On May 29, 1453, the armies assembled by the young Ottoman sultan Mehmet II breached the land walls of Constantinople, which had resisted assault for a millennium. By the next morning the invaders had arrived at the doors of the imperial church of Hagia Sophia. The sources speak of plunder and rapine, but also of an act of preservation. As the conquering sultan gazed in awe at the vast resplendent interior, he came across a soldier breaking up the marbles of the floor with an axe. “Wherefore does thou that,” he asked, and the soldier replied, “For the faith.” Mehmet struck him in anger, saying, “Ye have got enough by pillaging and enslaving the city, the buildings are mine.”
Hagia Sophia had been built by the Byzantine emperor Justinian in 532–537 and had served as the cathedral of Constantinople and the central church of the Byzantine Empire for over nine hundred years, but after its forced conversion it entered a new life as an imperial mosque, Aya Sofya Camii. And a mosque it would remain for the next five hundred years. Aya Sofya provided the model for the imperial mosques of Constantinople. It was intensely studied and imitated by the great Ottoman architect Sinan. But as far as Western architecture was concerned, Hagia Sophia effectively dropped out of the canon.
It was extremely difficult for non-Muslims to visit the mosque of Aya Sofya. Sixteenth- and seventeenth-century European travelers tell tales of bribery and disguise to gain entrance at risk of life and limb. To make a drawing inside was next to impossible. In 1611–1612, when the French ambassador wanted a portrait of Sultan Ahmet, he took with him to Constantinople a budding artist with a photographic memory, Simon Vouet. He hoped to have Vouet memorize, and then draw in private, not only Sultan Ahmet but also Aya Sofya and the other notable places of the city. Sixty years later the French writer Guillaume Joseph Grelot bribed the guards and hid his artists at gallery level in order to produce a new plan and section, which he published in 1680, the first glimpse Europe had of the church since the conquest. Until late in the nineteenth century men were prepared to pay dearly, and women to cross-dress, for permission to enter the church-turned-mosque.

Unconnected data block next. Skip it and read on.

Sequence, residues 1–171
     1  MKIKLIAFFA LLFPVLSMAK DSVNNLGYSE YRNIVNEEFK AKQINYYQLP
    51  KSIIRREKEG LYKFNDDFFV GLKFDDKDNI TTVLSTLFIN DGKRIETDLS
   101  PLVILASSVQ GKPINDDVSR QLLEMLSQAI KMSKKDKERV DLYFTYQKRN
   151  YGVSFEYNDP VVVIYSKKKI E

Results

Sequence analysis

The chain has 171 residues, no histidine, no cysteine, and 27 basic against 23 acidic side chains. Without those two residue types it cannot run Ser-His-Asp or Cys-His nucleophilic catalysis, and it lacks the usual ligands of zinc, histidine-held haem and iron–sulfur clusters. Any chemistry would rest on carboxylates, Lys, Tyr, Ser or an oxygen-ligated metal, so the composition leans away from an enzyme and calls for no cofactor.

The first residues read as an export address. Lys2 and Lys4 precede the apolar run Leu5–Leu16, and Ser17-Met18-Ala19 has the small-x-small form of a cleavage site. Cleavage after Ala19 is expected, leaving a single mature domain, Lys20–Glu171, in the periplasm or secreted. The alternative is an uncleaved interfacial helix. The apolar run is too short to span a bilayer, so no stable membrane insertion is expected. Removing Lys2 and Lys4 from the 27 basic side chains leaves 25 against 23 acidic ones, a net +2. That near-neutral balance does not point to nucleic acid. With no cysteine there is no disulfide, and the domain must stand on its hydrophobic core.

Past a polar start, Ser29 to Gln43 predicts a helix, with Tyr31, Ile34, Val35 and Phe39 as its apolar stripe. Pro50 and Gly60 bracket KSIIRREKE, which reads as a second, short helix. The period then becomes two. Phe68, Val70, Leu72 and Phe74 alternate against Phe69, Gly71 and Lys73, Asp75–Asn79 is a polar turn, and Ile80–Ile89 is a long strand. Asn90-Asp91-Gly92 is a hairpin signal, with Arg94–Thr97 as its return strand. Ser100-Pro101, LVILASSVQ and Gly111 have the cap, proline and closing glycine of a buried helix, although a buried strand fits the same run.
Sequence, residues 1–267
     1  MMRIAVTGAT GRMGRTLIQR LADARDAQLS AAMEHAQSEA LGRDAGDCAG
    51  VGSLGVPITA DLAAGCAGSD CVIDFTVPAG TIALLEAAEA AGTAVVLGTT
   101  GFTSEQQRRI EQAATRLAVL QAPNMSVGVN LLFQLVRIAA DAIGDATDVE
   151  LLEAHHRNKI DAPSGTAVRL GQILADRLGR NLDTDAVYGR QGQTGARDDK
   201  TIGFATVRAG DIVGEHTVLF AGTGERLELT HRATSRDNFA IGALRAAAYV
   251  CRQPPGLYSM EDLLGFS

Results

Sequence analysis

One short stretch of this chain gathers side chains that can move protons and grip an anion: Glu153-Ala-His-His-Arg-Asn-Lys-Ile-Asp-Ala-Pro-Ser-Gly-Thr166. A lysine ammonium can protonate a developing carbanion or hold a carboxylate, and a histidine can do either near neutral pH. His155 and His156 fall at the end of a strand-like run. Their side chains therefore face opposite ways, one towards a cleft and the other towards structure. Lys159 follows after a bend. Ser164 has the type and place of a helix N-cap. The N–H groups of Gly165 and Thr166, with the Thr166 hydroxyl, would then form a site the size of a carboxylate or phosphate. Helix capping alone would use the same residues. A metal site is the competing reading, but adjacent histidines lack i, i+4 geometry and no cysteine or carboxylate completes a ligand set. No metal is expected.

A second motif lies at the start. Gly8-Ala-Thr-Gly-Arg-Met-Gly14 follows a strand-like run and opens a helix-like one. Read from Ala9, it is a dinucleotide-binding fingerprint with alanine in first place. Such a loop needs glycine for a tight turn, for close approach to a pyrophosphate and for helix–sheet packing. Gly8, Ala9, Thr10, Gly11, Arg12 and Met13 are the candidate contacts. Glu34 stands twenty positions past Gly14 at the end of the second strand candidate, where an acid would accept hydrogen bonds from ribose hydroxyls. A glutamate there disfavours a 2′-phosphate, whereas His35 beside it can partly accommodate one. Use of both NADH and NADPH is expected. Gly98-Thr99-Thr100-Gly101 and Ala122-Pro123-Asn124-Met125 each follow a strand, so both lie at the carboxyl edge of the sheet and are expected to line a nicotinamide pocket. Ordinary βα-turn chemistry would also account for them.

Not only did the great church disappear from Western consciousness, but Byzantium was reviled in the Enlightenment as a civilization ridden with superstition. The French historian Hippolyte Taine wrote in 1865 of the mosaics of Ravenna—the seat of Byzantine government in Italy—that the saints and angels figured in Sant’Apollinare Nuovo looked like “vacant flattened sickly idiots…great simpletons with staring eyes and hollow cheeks.” Gibbon, writing The History of the Decline and Fall of the Roman Empire in 1776–1788, condemned the Oriental despotism and corruption of the Byzantine state and had little good to say of its architecture. Even one of the early defenders of Eastern Christian art, Alexander Lindsay, twenty-fifth Earl …
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